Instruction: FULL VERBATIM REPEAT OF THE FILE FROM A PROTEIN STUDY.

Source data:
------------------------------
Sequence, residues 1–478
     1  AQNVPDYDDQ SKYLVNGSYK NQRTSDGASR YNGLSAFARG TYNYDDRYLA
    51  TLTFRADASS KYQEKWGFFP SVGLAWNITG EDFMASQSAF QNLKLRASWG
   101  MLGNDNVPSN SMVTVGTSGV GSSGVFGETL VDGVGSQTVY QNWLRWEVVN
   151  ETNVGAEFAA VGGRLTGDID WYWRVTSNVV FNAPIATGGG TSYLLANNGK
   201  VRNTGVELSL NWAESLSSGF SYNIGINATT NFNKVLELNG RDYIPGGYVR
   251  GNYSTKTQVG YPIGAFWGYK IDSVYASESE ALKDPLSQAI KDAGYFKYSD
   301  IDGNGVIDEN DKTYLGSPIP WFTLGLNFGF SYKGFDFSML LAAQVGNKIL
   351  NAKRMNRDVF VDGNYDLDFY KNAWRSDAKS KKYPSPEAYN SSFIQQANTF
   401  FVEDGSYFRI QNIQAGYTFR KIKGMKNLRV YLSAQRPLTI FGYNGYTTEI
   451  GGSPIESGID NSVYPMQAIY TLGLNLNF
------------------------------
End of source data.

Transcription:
Sequence, residues 1–478
     1  AQNVPDYDDQ SKYLVNGSYK NQRTSDGASR YNGLSAFARG TYNYDDRYLA
    51  TLTFRADASS KYQEKWGFFP SVGLAWNITG EDFMASQSAF QNLKLRASWG
   101  MLGNDNVPSN SMVTVGTSGV GSSGVFGETL VDGVGSQTVY QNWLRWEVVN
   151  ETNVGAEFAA VGGRLTGDID WYWRVTSNVV FNAPIATGGG TSYLLANNGK
   201  VRNTGVELSL NWAESLSSGF SYNIGINATT NFNKVLELNG RDYIPGGYVR
   251  GNYSTKTQVG YPIGAFWGYK IDSVYASESE ALKDPLSQAI KDAGYFKYSD
   301  IDGNGVIDEN DKTYLGSPIP WFTLGLNFGF SYKGFDFSML LAAQVGNKIL
   351  NAKRMNRDVF VDGNYDLDFY KNAWRSDAKS KKYPSPEAYN SSFIQQANTF
   401  FVEDGSYFRI QNIQAGYTFR KIKGMKNLRV YLSAQRPLTI FGYNGYTTEI
   451  GGSPIESGID NSVYPMQAIY TLGLNLNF